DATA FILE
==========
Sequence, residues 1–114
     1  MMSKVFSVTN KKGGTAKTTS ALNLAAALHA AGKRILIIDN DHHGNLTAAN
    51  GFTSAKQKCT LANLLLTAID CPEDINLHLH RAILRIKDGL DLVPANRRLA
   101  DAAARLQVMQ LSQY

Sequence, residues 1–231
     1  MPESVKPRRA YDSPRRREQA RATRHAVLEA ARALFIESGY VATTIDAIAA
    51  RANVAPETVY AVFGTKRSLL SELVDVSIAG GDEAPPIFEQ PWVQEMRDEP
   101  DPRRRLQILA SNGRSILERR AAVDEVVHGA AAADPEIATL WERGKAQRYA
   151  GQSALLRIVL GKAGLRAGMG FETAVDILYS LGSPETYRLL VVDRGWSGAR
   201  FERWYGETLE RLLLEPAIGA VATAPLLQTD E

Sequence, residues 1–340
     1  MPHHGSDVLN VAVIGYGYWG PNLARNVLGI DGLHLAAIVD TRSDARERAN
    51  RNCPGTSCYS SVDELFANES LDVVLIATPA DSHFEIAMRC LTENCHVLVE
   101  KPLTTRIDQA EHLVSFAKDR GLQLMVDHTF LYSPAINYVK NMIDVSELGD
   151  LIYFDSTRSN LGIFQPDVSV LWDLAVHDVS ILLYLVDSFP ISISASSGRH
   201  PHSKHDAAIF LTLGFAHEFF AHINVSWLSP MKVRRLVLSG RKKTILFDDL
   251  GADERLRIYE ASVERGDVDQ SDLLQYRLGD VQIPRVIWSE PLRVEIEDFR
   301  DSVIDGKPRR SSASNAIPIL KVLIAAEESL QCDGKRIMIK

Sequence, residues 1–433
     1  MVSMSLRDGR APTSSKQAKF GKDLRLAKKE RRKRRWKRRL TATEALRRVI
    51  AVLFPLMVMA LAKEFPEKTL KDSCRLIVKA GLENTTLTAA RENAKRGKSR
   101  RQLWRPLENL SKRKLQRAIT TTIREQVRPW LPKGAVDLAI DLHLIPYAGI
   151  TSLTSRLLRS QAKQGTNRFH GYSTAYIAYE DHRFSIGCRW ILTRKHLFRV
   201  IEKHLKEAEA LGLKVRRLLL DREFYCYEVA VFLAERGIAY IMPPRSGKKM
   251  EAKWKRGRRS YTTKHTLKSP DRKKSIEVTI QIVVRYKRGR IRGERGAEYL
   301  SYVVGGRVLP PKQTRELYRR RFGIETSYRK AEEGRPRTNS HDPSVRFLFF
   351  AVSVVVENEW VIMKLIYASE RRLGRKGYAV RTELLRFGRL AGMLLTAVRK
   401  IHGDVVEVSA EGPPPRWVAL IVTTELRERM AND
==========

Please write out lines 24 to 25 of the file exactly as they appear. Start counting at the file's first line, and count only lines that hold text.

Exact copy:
   201  IEKHLKEAEA LGLKVRRLLL DREFYCYEVA VFLAERGIAY IMPPRSGKKM
   251  EAKWKRGRRS YTTKHTLKSP DRKKSIEVTI QIVVRYKRGR IRGERGAEYL